The need for rapid learning has led us to the computational question of how the brain makes possible mental time travel and rapid learning. An algorithmic solution is based on the use of episodic memory that stores individual experiences and their contexts, allowing us to interrogate our memory of the past, and to inform our future actions using this knowledge. This is supported by an implementation in brains through the use of a hippocampus that uses sparse codes and pattern separation to store abstract representations of our perceptions, and a reliance on the medial temporal lobe during early learning.

Beyond Parametric Statistics

In machines, the distinction between fast and slow learning is based on the type of statistical model that is used. One view aligning brains and machines is of parametric models paralleling the memory systems of the neocortex, non-parametric models paralleling the episodic systems of the hippocampus, and semi-parametric models as a structure for complementary learning. Machine learning models are much more fluid than such a taxonomy would suggest, but this distinction is useful for building conceptual understanding.

One general aim of machine learning is to discover functions hidden in data. Different types of models can be used to achieve this.

k-Neighbourhood for a test data point.
k-Neighbourhood for a test data point.

The simplest non-parametric approaches think of the data points as model parameters. The model uses an explicit memory to store all the data features x, and if available, labels or other side-information y, and defines a similarity or distance between any two data points using a function d(x',x). The most famous example is the k-nearest neighbour (kNN) method for making a prediction of a function value at a test point . Its steps are simple: 1) Compute the distance between  and every point in the data  in memory, and sort them according to distance. 2) The top k data points closest to  defines the k-neighbourhood , and the kth entry is the kth order statistic . 3) For regression we form a prediction by averaging over the values y in the k-neigbourhood; for classification we do majority voting.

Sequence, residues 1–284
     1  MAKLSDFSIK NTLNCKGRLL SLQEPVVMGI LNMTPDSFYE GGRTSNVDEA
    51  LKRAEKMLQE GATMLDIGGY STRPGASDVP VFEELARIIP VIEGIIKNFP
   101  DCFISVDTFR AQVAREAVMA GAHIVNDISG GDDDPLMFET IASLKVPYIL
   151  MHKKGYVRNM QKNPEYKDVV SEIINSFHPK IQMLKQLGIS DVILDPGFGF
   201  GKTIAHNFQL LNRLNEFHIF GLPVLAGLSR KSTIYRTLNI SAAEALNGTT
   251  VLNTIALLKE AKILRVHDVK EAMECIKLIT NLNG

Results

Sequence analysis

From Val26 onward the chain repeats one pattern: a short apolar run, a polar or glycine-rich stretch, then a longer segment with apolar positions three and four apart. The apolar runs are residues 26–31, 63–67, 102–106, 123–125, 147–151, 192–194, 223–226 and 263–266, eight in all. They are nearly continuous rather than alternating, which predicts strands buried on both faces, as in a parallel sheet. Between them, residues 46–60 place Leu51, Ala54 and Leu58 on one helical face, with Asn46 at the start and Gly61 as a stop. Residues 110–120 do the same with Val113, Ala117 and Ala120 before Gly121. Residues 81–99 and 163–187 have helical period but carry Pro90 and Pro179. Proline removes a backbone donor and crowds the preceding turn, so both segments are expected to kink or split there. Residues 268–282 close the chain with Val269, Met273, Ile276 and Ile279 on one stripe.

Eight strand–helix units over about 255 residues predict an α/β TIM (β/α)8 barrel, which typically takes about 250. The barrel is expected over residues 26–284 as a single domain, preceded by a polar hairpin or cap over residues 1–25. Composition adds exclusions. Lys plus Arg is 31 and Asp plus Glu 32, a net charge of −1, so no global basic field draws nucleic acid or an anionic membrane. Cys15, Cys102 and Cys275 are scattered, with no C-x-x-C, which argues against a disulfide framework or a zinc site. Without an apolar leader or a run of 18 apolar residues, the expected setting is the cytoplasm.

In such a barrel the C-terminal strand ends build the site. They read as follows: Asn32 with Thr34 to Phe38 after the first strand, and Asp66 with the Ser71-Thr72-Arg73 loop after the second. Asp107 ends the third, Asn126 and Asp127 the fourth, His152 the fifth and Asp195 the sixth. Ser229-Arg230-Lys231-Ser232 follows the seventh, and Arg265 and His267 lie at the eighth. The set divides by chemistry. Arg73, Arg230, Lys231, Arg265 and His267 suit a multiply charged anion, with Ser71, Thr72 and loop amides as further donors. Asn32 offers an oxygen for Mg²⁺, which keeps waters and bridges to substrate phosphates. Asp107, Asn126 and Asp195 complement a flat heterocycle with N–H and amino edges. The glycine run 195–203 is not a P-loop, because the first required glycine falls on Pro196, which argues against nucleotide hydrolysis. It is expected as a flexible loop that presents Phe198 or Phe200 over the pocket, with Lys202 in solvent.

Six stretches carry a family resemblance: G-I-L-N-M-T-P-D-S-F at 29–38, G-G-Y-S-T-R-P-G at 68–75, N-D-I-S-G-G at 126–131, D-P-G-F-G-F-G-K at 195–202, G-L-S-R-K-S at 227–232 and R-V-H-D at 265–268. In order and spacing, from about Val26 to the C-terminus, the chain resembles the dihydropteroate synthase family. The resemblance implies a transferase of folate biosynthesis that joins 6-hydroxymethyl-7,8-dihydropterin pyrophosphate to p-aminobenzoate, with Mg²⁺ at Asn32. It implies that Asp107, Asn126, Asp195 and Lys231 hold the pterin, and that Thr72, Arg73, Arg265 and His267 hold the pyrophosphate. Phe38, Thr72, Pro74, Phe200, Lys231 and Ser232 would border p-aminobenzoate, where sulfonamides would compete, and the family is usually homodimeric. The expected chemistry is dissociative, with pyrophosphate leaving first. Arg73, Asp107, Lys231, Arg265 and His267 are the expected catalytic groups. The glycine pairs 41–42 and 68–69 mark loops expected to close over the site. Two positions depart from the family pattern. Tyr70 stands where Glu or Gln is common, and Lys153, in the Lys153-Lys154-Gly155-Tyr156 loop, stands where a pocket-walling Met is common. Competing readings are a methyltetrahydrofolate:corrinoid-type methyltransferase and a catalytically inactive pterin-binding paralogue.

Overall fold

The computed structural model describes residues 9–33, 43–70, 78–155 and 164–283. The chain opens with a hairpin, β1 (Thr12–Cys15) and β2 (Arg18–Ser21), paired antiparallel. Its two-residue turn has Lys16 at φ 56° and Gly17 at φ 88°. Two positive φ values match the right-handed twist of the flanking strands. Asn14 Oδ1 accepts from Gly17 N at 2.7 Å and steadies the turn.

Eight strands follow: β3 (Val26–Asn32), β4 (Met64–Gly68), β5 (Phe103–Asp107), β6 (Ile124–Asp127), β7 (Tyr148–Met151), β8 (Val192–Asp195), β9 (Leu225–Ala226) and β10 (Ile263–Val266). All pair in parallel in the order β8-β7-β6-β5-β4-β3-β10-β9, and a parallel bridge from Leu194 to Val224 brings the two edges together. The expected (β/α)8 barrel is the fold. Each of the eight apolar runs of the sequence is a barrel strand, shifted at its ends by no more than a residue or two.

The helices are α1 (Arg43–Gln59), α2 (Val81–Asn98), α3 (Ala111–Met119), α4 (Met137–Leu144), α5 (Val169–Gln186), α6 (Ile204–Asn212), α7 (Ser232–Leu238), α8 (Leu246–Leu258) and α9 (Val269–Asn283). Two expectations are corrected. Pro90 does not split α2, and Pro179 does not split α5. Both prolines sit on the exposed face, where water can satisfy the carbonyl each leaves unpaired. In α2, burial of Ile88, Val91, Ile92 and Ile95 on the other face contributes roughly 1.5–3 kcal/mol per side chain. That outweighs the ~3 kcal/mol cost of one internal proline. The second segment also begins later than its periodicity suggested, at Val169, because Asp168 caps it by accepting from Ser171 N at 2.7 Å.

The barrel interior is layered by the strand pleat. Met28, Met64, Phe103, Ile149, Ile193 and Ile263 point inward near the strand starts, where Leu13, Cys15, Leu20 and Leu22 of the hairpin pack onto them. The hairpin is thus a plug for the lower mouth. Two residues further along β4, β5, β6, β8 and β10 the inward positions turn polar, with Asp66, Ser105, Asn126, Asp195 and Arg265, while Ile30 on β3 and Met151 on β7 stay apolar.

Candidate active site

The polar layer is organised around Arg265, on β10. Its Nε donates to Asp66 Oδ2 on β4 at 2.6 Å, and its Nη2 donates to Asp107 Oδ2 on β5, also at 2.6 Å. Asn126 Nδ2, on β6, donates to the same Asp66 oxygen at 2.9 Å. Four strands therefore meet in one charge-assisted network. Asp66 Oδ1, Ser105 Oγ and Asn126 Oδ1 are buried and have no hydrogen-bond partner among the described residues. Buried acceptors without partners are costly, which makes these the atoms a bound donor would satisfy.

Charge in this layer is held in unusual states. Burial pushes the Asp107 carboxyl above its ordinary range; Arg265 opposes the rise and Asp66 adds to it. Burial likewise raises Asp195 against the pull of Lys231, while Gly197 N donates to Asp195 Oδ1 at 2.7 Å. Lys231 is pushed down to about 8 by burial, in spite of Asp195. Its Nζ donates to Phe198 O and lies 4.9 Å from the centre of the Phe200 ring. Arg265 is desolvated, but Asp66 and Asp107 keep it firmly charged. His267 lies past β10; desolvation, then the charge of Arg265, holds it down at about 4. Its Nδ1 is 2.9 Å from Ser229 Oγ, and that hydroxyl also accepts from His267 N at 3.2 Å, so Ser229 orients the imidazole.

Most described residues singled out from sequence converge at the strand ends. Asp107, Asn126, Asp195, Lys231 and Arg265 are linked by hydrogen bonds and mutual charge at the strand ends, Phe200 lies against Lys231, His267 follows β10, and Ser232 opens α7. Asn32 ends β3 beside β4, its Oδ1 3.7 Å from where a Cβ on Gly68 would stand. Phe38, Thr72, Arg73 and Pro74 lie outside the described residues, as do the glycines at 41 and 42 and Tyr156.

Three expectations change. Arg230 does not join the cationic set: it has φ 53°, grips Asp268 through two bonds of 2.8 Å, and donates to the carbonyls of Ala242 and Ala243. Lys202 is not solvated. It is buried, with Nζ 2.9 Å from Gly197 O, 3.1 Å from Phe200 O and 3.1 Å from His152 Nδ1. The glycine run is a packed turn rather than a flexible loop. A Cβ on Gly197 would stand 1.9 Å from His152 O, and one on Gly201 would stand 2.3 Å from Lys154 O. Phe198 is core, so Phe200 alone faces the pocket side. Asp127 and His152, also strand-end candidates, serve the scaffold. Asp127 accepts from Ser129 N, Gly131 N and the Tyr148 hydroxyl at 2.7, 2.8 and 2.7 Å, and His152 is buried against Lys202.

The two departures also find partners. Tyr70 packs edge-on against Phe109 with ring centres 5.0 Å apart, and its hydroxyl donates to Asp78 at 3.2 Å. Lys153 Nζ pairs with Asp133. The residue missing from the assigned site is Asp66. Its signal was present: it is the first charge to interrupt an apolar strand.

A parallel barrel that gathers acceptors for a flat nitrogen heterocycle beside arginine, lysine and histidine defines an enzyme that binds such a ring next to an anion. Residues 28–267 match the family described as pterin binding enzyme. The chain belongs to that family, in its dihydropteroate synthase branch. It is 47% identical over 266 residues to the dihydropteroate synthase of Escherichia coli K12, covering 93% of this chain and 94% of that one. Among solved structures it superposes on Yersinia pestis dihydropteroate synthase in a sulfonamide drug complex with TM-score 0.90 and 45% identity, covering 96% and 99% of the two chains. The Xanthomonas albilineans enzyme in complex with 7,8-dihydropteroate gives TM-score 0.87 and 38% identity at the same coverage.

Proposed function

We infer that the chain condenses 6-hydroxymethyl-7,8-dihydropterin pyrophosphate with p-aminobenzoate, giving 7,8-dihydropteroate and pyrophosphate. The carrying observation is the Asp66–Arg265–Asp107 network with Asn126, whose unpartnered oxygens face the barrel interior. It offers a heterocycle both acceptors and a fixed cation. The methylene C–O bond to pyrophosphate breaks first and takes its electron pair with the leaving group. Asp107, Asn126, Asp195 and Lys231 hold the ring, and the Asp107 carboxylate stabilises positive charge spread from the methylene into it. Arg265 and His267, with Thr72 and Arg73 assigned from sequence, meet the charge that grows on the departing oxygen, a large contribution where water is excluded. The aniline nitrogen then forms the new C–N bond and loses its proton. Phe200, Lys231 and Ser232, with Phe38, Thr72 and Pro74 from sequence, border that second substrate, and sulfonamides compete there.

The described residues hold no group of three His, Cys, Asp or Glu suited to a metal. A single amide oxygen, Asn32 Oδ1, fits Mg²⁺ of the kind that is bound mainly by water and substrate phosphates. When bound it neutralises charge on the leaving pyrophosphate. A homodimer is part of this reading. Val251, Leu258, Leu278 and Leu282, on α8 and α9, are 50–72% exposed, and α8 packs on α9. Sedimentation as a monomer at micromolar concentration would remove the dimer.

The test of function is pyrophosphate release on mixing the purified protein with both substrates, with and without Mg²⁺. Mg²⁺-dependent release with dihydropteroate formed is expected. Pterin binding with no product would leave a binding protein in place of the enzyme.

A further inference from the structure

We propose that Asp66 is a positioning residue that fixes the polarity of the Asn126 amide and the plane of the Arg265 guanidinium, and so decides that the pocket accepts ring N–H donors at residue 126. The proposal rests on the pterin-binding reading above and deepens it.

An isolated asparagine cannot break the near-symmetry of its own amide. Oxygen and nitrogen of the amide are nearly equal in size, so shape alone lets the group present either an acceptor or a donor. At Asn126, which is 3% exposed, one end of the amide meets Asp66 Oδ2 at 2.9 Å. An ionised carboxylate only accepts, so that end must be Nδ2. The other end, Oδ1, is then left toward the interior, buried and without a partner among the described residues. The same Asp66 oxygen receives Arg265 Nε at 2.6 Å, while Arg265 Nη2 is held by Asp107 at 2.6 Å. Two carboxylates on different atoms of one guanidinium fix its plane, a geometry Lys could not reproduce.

For kNNs, every data point in the neighbourhood is treated the same, i.e. uniformly. We can generalise this to non-uniform treatments, and is how kernels, one of the most popular nonparametric tools, can be introduced. In the non-parametric-episodic framework, data points are stored in memory and decisions are made based on similarity using a kernel [cite key=smola1998learning]. Non-parametric methods are in widespread use for decision making and action selection in machines, including:

A simple taxonomy of models.
A simple taxonomy of statistical models.

Semi-parametric models combine nonparametric and parametric models. As Nils Hjorts says, they can 'build non-parametric uncertainty around given parametric models' [cite key=hjort1994bayesian][cite key=powell1994estimation]. Partially parametric models are one common example that explain part of a prediction using a parametric component and another part using a non-parametric component. Consider observed data that appears as two feature sets x and z, that together correspond to a target y. A partially parametric model explains the data x using a parametric model f (e.g., a linear function) with parameters , and the data z using a nonparametric model g:

A Gaussian process with a parameterised mean function (e.g., a linear function or deep network) can also be used to implement this semi-parametric model. A different type of semi-parametric approach would build a gaussian process whose kernel function is defined using transformed data , where can again be any parameterised function.

And don't forget mixture models. We can build finite mixtures of non-parametric methods: when the mixture is additive, we get mixtures of non-parametric experts-type models, when the mixture is geometric we get Bayesian committee machines. In reverse, we can form non-parametric mixtures of parametric models. Using the Dirichlet process as the non-parametric distribution, we can form Dirichlet process mixture models. Expository papers in this area are:

Final Words

Episodic systems in the brain are paralleled by non-parametric approaches in machines. And similarly, complementary learning approach based on the interaction between episodic and associative learning systems is paralleled by semi-parametric approaches. Importantly, this combination leads us to an important principle of complementarity that allows for rapid learning and acting, and efficient use of experiences. We have explored key principles of intelligent systems: prediction, sparsitymodularity, and now, complementarity. When combined, they give us a complex and dazzling view of the marvel that is the brain. It also gives us a vision of the technology of the future.

This is the last post in this series. The series was about the mutual inspiration that brains and machines offer each other. I'm left with many thoughts and half-formed connections. A world of discovery remains at this interface.

[bibsource file=http://www.shakirm.com/blog-bib/brainsMachines/episodic.bib]